Saturday, April 23, 2016

Review: The Martian by Andy Wier

In the not-so-distant future, Mark Watney was one of a crew of six astronauts to land on Mars in the Ares 3 mission.  But just as their mission began, tragedy struck: a dangerous storm came upon their landing site and caused the team to abort their mission and flee the planet.  While the crew evacuated to the launch vehicle, Mark was struck by debris, launching him far from his companions, knocking him unconscious, destroying his biomonitor.  After a desperate, fruitless search, his crew was forced to presume him dead and leave the planet without him.  Despite all odds, however, Watney survived and made it back to the Hab.  The only problem was that he was stranded on a desolate, inhospitable planet with a finite supply of food and no way of communicating with with Earth.

So begins The Martian, a fantastic survival story by Andy Weir.  Much of the story is told through first-person logs that Mark uses to document his step-wise puzzle through each problem.  The tremendous appeal of this book, beyond the thrilling survival story, is that Mark makes use of a lot of real-life science in this tale.  His food problem comes down to a strict issue of calories: he has vitamins and protein tablets, but how can he produce the precise number of calories he needs in time to be rescued 4 years later during the next Ares mission?  Traveling to the next Ares site becomes a problem of power: how can he maintain his life support system and still have enough energy to power the rover using his solar cells?  If that doesn't sound like gripping reading, perhaps that's the genius of this book: despite its sometimes technical nature, its pacing, humor, surprises, and quality writing make it a gripping tale that kept me up many nights far past a reasonable bedtime.

Like many people picking up the book now, I read this after having watched the superb movie last year.  The movie is extremely true to the book in many parts, even down to extended stretches of the dialog.  But in other places, the movie deviates substantially from the book.  While I was initially concerned that reading it would be too much of a rehash of the movie, it quickly became clear that there was a lot more in this book to sink my teeth into.  And even those parts that do match up to the movie are just so thrilling that they still will keep you up late reading.

The movie was the best film I'd seen in years.  This book is right up there with it.  Highly recommended.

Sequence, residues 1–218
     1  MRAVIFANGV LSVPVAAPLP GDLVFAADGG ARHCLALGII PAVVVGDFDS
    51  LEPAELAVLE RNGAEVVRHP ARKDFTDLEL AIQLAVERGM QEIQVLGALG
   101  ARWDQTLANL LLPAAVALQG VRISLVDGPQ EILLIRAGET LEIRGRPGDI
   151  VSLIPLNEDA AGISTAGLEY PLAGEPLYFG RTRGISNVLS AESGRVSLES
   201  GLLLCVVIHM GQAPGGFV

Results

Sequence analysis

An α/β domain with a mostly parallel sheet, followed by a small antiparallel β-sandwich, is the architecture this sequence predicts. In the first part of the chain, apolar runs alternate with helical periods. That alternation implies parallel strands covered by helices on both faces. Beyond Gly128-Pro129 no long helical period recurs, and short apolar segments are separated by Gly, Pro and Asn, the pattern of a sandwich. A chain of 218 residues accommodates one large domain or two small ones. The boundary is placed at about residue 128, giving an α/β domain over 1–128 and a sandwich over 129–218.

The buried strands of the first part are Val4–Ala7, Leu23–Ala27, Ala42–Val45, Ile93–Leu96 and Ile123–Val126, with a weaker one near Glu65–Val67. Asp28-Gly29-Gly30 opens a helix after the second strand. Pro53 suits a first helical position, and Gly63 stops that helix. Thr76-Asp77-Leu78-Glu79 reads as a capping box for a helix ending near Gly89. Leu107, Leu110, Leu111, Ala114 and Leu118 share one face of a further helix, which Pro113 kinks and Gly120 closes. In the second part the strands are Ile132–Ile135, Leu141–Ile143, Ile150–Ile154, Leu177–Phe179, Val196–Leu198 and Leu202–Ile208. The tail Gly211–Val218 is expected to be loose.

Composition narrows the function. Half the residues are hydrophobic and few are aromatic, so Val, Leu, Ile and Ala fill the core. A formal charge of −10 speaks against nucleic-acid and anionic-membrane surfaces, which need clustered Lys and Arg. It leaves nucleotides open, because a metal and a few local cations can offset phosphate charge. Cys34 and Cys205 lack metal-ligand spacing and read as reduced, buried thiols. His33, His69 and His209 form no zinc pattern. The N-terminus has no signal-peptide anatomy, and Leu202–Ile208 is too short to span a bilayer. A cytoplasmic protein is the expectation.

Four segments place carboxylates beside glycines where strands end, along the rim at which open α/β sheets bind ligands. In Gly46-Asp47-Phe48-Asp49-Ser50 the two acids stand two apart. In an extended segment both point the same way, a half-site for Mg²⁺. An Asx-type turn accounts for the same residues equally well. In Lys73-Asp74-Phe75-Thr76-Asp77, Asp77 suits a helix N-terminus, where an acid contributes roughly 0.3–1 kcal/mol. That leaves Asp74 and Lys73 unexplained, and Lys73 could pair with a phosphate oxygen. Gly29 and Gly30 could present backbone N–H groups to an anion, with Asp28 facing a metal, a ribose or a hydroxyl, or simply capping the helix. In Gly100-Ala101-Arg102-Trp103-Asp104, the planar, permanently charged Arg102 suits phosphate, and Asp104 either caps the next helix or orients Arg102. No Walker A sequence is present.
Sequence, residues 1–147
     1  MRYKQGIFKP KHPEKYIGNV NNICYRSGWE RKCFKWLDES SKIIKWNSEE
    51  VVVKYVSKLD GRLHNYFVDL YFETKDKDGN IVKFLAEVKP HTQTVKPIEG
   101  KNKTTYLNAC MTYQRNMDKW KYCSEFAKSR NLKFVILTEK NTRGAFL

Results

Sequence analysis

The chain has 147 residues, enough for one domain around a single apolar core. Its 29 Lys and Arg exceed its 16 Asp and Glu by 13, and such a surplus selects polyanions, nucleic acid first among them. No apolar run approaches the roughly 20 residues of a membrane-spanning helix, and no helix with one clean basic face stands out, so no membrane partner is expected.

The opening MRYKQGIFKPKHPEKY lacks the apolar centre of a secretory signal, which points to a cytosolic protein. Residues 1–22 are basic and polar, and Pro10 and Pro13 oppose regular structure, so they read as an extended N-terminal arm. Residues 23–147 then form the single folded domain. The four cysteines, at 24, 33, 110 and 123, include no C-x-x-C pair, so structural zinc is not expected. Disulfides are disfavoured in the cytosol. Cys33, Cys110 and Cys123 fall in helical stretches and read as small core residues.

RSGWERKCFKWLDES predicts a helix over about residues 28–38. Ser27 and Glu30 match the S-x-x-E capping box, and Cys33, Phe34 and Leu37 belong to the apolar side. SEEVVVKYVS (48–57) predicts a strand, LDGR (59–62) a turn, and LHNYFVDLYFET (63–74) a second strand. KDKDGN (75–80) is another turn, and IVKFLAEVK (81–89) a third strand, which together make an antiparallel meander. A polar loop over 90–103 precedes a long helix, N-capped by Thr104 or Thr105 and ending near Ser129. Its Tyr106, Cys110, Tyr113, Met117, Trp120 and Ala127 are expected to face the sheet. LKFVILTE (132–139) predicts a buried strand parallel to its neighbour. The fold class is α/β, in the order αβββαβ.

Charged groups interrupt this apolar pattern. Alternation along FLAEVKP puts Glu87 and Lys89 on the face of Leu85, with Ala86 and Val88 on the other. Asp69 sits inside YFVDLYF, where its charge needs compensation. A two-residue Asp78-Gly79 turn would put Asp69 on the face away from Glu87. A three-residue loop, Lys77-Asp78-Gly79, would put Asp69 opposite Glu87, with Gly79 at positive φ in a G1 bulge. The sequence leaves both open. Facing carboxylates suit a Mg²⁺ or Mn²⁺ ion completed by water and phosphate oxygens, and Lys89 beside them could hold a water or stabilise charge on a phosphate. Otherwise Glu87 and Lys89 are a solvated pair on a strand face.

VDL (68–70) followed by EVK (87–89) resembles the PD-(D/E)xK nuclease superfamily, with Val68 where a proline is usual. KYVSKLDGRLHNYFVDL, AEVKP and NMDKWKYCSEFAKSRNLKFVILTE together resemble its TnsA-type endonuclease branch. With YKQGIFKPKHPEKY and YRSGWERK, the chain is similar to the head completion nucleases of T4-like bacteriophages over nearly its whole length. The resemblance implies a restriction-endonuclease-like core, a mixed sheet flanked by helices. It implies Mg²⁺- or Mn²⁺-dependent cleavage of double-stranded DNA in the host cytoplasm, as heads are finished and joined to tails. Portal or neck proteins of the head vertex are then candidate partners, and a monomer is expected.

Wednesday, April 6, 2016

Review: Ender's Shadow by Orson Scott Card

Ender's Game was a book about Ender Wiggins, a genius among geniuses, and the boy who, almost unwittingly, became humanity's great hope in their battle against a powerful alien race.  Ender's Shadow is the story of Bean, who probably had a more remarkable mind than even Ender, but was just a few years behind him and played a less well-recognized role in the fateful events of that story.

This is most definitely Bean's book.  While his tale certainly overlaps with Ender's, and there are common characters, this isn't really just a retelling of the original novel.  A great deal of this book happens away from Ender, beginning with Bean's early childhood on the streets of Rotterdam, or in different parts of Battle School.  By being told from Bean's perspective, even the climax of this book, which directly overlaps with the conclusion of Ender's Game, feels different.  We learn a great deal more about what was going on during those events, much of which happened outside of Ender's frame of reference.  Bean is a fantastic character with a great deal of depth, and it was fun to live in his mind.

The book was a very fast read.  While other novels might take me over a month to pick through, I read this one cover-to-cover in about two weeks (I'm not a fast reader and have a busy life, so this is about as fast as it gets).  It's lively and fun, and I enjoyed it immensely.  If I have a criticism of the story, it's that huge chunks of the novel are long descriptions of what was going on in Bean's mind.  These introspections are often interesting and certainly drive the narrative forward, but I think they were a bit overdone in the book and certainly ventured into the realm of "telling, not showing."  Granted, it'd be difficult to tell the same story without them, because Bean as a character is incredibly secretive, introspective, and, for much of the book, very introverted.

This is apparently the first book in a series of six(!) books focused on Bean and his family, not all of which have been released.  I'm not sure if/when I'll dig into that series, but I certainly would recommend this book to anyone who enjoyed the original and wanted another chance to explore Orson Scott Card's Battle School.